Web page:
Worst Pick: Allen Iverson
For pure hilarity, this is the MVP pick of the draft. Just imagine for a moment Iverson coexisting with Tim Duncan, Kevin Garnett, Hakeem Olajuwon, Gary Payton, Bob Cousy, and Sam Jones. Then imagine Iverson being the third point guard playing 20 minutes a night. He’d be shipped off to the Italian League before you could spell “practice”.
This one goes to Chris Ballard and his starting five of Bill Russell, LeBron James, Charles Barkley, Reggie Miller, and Chris Mullin. He’s got floor spacing in Miller, Mullin, and James, a terror in the paint and on the break known as Charles Barkley, and the greatest defensive force ever in Bill Russell. Ballard’s even got the most productive rebounder since the ABA-NBA merger on his squad in Dennis Rodman, Deron Williams coming off the bench to back-up LeBron at the one spot, and Carmelo Anthony just cause’.
The trio of Bill Russell, LeBron James, and Charles Barkley in particular is quite terrifying. All three would mesh together perfectly. James and Russell would form perhaps the greatest defensive duo ever with Russell locking down the paint and James defending the opponent’s best scorer. Both Barkley and James can handle the ball and both are absolute monsters in transition. With Reggie Miller nailing wide-open looks from distance this team has the feel of the 2011 Miami Heat on crack.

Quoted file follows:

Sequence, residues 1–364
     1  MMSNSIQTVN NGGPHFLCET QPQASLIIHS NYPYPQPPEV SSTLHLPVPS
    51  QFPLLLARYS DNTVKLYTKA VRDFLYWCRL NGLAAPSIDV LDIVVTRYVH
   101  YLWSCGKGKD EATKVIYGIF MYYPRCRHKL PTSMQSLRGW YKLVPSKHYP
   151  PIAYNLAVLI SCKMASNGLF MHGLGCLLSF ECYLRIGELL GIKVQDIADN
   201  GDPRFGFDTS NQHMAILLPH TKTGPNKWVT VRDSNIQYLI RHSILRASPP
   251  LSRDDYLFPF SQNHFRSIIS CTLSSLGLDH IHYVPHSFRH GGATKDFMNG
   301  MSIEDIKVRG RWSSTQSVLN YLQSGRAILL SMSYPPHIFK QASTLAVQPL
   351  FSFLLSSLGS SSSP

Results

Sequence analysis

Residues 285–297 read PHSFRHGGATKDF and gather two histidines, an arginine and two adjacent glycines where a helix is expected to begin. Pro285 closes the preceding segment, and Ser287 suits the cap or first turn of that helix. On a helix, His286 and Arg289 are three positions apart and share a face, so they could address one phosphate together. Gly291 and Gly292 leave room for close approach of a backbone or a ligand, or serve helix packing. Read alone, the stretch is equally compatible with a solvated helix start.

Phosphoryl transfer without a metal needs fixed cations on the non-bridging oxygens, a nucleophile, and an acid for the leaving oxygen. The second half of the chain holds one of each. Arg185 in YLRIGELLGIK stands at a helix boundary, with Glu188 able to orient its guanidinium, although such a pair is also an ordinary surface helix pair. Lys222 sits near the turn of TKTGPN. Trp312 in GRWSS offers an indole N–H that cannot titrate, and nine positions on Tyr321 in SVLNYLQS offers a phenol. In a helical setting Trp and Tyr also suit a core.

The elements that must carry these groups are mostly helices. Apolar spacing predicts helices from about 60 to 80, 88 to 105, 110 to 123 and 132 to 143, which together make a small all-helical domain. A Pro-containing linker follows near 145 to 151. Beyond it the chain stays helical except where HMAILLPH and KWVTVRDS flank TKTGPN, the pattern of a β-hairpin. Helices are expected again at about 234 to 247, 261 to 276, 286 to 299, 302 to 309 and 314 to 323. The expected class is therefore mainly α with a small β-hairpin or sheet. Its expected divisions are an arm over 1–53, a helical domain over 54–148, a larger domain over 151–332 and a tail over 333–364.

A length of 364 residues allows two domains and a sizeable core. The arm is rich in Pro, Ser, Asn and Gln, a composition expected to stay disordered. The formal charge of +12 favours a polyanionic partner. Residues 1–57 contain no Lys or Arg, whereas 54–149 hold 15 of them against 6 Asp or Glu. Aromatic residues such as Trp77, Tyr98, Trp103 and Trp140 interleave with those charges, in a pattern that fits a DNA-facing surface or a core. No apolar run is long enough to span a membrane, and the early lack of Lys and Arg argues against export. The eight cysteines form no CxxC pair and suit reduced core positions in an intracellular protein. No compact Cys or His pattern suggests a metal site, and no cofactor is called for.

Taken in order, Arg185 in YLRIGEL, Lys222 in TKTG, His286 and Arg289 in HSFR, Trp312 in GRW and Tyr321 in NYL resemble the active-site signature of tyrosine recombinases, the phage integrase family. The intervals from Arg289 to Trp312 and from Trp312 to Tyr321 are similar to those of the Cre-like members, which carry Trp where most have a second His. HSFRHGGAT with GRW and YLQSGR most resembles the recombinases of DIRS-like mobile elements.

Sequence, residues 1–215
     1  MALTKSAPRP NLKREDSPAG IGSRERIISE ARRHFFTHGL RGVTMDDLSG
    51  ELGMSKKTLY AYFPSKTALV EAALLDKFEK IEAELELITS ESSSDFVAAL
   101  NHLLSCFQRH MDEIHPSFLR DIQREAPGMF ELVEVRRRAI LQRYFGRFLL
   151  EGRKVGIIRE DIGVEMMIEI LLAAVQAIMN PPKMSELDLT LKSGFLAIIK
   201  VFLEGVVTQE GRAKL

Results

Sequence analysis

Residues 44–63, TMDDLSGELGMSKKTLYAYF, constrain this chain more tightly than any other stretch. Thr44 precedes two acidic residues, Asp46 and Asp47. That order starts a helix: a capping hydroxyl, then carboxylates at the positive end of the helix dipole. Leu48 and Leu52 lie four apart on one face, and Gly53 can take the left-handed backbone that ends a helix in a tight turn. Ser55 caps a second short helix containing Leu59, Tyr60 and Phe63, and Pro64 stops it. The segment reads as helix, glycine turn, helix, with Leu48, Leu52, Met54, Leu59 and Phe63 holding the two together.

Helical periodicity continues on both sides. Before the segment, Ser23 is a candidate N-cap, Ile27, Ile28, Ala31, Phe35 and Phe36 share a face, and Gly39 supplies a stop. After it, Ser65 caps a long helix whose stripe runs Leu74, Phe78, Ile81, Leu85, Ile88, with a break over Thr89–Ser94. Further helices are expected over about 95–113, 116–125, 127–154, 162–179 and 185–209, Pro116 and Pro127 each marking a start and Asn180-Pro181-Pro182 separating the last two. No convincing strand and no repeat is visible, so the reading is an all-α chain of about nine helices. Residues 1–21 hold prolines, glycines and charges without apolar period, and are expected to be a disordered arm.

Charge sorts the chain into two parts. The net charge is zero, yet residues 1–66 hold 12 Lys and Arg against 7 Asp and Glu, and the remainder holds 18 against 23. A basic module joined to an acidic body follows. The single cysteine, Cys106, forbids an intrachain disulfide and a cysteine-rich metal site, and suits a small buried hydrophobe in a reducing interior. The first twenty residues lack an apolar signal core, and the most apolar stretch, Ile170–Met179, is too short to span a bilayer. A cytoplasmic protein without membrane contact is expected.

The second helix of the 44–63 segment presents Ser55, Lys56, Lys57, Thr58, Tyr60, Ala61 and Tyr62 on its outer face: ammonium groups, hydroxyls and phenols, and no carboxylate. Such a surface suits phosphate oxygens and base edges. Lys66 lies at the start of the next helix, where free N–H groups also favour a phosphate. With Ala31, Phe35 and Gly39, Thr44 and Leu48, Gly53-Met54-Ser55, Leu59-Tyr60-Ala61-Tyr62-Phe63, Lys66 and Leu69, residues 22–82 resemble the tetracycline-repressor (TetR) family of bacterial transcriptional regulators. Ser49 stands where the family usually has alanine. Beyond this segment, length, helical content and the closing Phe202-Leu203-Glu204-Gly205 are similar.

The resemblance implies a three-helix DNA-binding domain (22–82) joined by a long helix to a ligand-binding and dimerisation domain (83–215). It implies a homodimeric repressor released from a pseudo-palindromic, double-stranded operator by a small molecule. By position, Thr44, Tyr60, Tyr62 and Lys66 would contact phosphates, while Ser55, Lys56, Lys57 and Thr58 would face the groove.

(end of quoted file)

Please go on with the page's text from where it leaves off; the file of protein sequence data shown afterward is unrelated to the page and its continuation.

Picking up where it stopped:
Lee Jenkins steals this one, after building the greatest all-offense no-defense team in league history. Think about it, his starting five is Kareem Abdul-Jabbar, Jason Kidd, Karl Malone, George Gervin, and James Worthy. Excluding Kidd, that’s four truly poor defensive players starting, with Worthy and Gervin being among the worst defensive players ever. Then, off the bench, Jenkins has “Pistol” Pete Maravich, David Thompson, and Alex English. That’s like eight Mike Bibby’s on defense, only imagine one of them was over seven feet tall and owned an unblockable shot.
Some other thoughts…
This, of course, was an exercise in futility. It’s impossible to know, or even conceptualize how players would translate to different eras, or even how their careers would change depending on the team they were drafted by. In a sport rife with variables, we’ll never know how productive, for example, Bill Russell would be against the freakish athletic big men that dominate the modern game. But that’s what is so fun about stuff like this, and why someone inevitably does a big historical fantasy draft every year.
I would love to hear everyone’s opinions. What are your thoughts on SI’s draft and my analysis of the first six rounds?